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Understanding the New Paris Agreement on Climate Change: Prospects for "Climate Justice" and Sustainable Development

last modified Feb 08, 2016 11:31 AM


Understanding the New Paris Agreement on Climate Change: Prospects for "Climate Justice" and Sustainable Development

 

Video Link: http://youtu.be/L9XVslvc_BQ

 

Wednesday 3 February 2016, Faculty of Law, University of Cambridge

Co-Chairs: Dr Markus Gehring and Dr Joanna Depledge

Speaker: Dr Marie-Claire Cordonier Segger, DPhil (Oxon) MEM (Yale) BCL and LLB (McGill), BA Hons, Senior Director, Centre for International Sustainable Development Law (CISDL); Chair, Climate Law and Governance Consortium at UNFCCC CoP21 in Paris; author/editor of 18 books and over 80 papers on climate change, sustainable development law and policy, and co-editor of Implementing Sustainable Development Treaties Series (CUP). Serves as Affiliated Fellow, Lauterpacht Centre for International Law (LCIL) and Fellow, Centre for Energy, Environment and Natural Resources Governance (C-EENRG) at the University of Cambridge; Senior Research Associate, Centre for International Forestry Research (CIFOR); Senior Legal Expert, Sustainable Development, International Development Law Organization (IDLO) & Advisor to the United Nations Environment Programme.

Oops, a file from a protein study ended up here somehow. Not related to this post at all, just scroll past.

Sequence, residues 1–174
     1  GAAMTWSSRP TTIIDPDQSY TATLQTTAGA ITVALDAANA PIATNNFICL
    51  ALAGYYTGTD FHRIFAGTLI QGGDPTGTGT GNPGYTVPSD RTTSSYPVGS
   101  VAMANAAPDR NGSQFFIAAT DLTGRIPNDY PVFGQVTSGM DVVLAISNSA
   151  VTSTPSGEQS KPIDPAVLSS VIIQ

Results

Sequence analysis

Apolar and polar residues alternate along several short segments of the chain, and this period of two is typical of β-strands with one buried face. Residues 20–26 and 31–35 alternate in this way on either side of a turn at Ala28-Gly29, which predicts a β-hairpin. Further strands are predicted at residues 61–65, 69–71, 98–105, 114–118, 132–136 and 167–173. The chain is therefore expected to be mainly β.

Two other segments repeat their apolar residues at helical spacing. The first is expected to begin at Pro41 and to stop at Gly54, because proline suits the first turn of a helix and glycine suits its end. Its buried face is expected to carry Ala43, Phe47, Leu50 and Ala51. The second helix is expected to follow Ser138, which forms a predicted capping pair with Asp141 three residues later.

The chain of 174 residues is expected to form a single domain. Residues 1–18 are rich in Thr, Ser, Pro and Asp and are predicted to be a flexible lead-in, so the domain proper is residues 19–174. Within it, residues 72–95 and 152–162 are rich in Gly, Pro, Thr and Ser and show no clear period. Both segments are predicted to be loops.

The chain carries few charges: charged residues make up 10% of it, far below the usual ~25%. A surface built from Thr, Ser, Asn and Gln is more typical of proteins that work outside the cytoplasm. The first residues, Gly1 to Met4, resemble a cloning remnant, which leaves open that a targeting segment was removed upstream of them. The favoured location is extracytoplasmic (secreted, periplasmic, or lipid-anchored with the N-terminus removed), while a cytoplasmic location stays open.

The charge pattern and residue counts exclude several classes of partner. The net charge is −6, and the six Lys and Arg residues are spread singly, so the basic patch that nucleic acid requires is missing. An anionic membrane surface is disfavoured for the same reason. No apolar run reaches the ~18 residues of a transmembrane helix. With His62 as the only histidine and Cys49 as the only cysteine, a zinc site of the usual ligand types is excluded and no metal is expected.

Abstract: After nearly seventeen years of deadlock, 197 parties to the UNFCCC concluded a new international agreement on climate change at the 21st Conference of the Parties to the United Nations Framework Convention on Climate Change (COP21) in Paris from 30 November to 11 December 2015. The treaty aims to "strengthen the global response to the threat of climate change in the context of sustainable development and efforts to eradicate poverty.” Parties seek to hold climate change below 2 °C and even 1.5 °C, to adapt to climate impacts and foster resilience, and to mobilize the finance needed for low-carbon development. The new treaty adopts a bottom up approach to achieve high ambition objectives, building on climate action plans from 188 countries, as UNFCCC Nationally Determined Contributions (NDCs) to global response to climate change. This guest lecture outlines key elements of the new Paris Agreement, exploring the emerging international context and key legal challenges for implementing "climate justice" for more sustainable development that guides and is guided by international law in a post-Paris carbon-constrained world.